Shaking off the political unease stirred up by sexual harassment allegations by a Labour Party staffer in her department, PM Jacinda Ardern hopes to meet President Donald Trump in New York next week. This would be a first for her and will follow up on the meetings Deputy PM Winston Peters has had in Washington DC.
The meeting would precede the UN General Assembly and represents a major step for the PM. Topics likely to be covered include the Christchurch Call to Action, trade and Pacific affairs. Officials note that while this falls short of a full White House visit (Australian PM Scott Morrison arrives in Washington this week for a state visit), it represents a major step for her – and an unusual departure for President Trump who confines his separate bilateral calls to a minimum while at the General Assembly.
Ardern will find it politically useful to have a different set of headlines to those she has faced.
She will be hoping to recreate more positive images of her leadership, and somehow offset the impression her popularity is sliding.
That will be important if pollsters like Colmar Brunton are currently sampling opinion.
Meanwhile the hard realities of the international environment are pressing in on leaders round the world: the US and China seem to be inching back from a Western front-style trade war – but the damage has already been done. The major economies are sliding towards recession.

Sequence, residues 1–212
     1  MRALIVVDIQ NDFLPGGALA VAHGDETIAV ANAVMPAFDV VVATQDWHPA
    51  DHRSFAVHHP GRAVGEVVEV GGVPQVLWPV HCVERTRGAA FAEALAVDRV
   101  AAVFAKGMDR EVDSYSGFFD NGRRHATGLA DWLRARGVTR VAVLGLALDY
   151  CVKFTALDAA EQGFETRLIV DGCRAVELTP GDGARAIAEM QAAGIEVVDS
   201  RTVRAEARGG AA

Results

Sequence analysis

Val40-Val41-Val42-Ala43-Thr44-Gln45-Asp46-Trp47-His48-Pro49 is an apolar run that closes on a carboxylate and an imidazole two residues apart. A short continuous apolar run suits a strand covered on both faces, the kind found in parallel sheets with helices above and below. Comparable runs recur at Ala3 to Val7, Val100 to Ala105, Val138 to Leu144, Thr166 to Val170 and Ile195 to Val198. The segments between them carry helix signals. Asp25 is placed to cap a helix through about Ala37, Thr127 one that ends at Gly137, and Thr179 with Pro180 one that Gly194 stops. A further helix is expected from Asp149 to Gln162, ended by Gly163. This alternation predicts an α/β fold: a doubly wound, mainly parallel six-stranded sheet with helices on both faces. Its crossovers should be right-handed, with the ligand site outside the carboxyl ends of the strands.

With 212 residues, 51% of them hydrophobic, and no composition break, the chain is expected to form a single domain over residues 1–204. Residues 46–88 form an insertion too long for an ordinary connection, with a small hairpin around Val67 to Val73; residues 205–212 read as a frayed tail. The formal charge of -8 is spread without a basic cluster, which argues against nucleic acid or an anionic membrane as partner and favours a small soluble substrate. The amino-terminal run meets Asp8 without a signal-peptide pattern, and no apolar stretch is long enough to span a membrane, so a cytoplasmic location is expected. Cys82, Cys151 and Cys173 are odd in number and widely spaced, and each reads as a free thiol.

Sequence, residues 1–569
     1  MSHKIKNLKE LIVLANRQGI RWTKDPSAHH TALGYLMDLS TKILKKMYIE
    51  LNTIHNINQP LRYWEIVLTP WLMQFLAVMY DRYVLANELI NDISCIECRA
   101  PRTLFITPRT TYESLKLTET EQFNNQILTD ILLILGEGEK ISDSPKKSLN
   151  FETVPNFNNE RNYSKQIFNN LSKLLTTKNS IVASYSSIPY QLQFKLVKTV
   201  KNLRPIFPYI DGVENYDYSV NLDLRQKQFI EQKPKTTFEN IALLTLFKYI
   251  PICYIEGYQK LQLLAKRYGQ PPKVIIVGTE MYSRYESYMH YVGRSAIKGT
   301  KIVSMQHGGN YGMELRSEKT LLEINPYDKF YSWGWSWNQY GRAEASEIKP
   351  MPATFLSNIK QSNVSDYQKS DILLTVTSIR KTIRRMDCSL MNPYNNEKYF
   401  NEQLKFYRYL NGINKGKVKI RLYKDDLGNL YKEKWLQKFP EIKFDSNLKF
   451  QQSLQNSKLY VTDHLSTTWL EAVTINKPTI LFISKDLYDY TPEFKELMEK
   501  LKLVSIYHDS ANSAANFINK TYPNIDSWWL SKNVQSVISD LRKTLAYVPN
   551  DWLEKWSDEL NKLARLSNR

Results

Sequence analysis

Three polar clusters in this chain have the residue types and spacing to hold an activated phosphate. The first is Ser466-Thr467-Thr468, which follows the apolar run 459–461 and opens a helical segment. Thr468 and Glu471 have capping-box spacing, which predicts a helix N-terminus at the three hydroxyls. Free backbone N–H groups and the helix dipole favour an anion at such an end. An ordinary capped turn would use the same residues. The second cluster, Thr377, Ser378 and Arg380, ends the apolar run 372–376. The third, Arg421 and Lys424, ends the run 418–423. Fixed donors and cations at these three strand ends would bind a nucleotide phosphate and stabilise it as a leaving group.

In Britain there is no clear signal yet on the way out of the Brexit imbroglio. The Scottish courts have weighed in on the legality of PM Boris Johnson’s proroguing of Parliament and this will be heard in the coming week by the UK Supreme Court.
Johnson will have a “working lunch” with the European Commission President Jean Claude Juncker next week. The Daily Telegraph reports there is optimism in London that a breakthrough on the Irish backstop could unlock the Brexit talks. He will also meet Michel Barnier, the EU’s chief negotiator.
The eternal optimist, Johnson claims he is “cautiously optimistic” ahead of his visit and says talks with other EU leaders, particularly Germany, France and Ireland, indicated a “good deal of progress”. But Brexit has opened up old Northern Irish wounds and he is hurtling towards his self-inflicted deadline of 31 October for leaving the EU with or without a deal.
Donald Trump sacked his most recent National Security Adviser John Bolton. There has been talk of major policy clashes but in reality Trump likes to work through a succession of advisers. Bolton has been well disposed towards New Zealand. However foreign minister Winston Peters has a good working relationship with Secretary of State Mike Pompeo. There’s talk that Pompeo may also do the NSA role, as Henry Kissinger did with Richard Nixon.
There will be plenty to talk at the UN with the Christchurch Call to Action, although French President Macron may not attend – and Australia’s PM Scott Morrison won’t be there either.
House Speaker Nancy Pelosi fired a shot across the UK’s bows by staying that the Democrats, and probably Republicans, would kill a trade deal unless the Northern Ireland Good Friday peace agreement is preserved in full.
So life at the Beehive might not seem to bad at present, despite the recent uncomfortable headlines.